R. Kelly is looking for a home for a new finished album, according to multiple sources. The controversial rapper was dropped by longtime label RCA/Sony recently, after multiple accounts of sexual abuse, including with minors. But who would risk the wrath of the #MuteRKelly movement and actually sign him?
Opinions are mixed, but in an industry known to often put profits over morality, it seems likely that someone would take the leap.
After all, Kelly is one of the best-selling music artists in the United States, with over 30 million albums sold both here. He has released 12 solo studio albums, and sold over 75 million albums and singles worldwide. Streams for Kelly actually went up 116% after a daming Lifetime series aired.
But because of the controversy, at least some of the media outlets used to promote any new release will likely be off limits. It's hard to imagine commercial radio or late night TV shows booking Kelly, though a 60 Minutes style show might agree to an interview with some performance clips. Even Kelly's live performances would be limited, with many venues and promoters refusing to be associated with the fallen R&B star.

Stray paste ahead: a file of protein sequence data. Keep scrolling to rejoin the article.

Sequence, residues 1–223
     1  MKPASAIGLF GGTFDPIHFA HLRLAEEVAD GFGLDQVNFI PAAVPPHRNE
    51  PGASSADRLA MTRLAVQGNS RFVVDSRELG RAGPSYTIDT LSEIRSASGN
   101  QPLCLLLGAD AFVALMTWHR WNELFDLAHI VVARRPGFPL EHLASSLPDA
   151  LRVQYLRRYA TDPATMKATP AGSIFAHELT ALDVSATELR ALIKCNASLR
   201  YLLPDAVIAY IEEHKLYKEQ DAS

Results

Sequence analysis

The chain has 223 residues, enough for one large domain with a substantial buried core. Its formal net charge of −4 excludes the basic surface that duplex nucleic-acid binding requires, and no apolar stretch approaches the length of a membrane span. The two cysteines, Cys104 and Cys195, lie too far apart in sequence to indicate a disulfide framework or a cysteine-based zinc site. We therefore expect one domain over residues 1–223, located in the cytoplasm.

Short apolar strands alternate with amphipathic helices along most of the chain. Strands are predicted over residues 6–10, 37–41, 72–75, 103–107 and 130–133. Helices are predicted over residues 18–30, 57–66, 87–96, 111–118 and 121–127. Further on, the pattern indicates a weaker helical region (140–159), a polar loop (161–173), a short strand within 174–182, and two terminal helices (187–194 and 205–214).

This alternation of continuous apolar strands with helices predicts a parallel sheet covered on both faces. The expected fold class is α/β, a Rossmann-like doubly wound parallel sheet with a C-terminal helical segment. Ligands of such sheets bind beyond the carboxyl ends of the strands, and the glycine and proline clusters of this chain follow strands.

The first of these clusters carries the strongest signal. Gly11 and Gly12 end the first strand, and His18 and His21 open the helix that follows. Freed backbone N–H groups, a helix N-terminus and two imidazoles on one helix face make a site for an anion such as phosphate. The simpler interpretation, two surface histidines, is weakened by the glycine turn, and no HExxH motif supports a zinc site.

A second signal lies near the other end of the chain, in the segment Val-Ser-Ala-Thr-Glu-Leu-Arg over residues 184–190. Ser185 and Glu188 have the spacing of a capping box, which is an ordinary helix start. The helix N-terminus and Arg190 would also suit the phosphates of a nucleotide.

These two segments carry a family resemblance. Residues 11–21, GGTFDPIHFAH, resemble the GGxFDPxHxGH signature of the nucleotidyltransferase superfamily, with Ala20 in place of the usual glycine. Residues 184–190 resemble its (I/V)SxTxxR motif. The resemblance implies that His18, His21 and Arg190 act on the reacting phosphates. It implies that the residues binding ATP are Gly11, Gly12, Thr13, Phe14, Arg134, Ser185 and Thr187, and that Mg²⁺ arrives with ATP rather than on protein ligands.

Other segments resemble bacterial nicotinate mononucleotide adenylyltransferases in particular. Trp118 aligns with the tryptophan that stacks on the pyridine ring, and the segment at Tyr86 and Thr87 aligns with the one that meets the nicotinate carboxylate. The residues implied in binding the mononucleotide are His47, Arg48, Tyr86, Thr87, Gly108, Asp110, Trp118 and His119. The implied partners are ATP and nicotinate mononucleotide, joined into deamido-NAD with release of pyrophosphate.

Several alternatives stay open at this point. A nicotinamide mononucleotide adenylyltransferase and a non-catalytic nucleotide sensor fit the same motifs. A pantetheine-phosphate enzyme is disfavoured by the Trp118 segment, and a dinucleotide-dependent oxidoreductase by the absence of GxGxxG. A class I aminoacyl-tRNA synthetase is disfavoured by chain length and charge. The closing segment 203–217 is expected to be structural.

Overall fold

Streaming services would almost certainly make new R. Kelly music available. Spotify has already said that its traditional promotional vehicles, like official playlists, would be off limits; and other streamers are likely follow suit.
A new release would certainly generate press. While much of it would focus on Kelly's abusive behavior, it would alert fans to it availability. YouTube is also a notoriously open platform.
Who Would Sign R. Kelly?
Certainly no label related to Sony would touch it; and it's hard to imagine a major label group like Universal or Warner Music wanting to tarnish their image. But there is almost certainly an independent label who would make an offer.
And in the digital age, Kelly could go direct. Thus far, most independent aggregators have only filtered for extreme hate speech.
“It would be very surprising if some label did not sign him,” im Caparro, a former chairman of Island Def Jam Records told Rolling Stone, while adding that he does not condone any of Kelly’s behavior. “He’s too big of a talent and there’s too much pressure to ignore the commercial aspects. He’s still R. Kelly, and there’s going to be interest and drawing power from that.”
photo: Andrew Steinmetz [CC BY-SA 2.0 (https://creativecommons.org/licenses/by-sa/2.0)], via Wikimedia Commons